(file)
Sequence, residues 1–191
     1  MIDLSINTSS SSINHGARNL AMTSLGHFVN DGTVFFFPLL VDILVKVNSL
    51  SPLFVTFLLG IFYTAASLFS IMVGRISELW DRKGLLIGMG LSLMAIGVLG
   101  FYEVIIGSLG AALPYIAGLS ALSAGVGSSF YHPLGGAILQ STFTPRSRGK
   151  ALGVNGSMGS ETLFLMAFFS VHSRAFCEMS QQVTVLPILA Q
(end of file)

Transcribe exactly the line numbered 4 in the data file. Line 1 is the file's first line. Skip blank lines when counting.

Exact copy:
   101  FYEVIIGSLG AALPYIAGLS ALSAGVGSSF YHPLGGAILQ STFTPRSRGK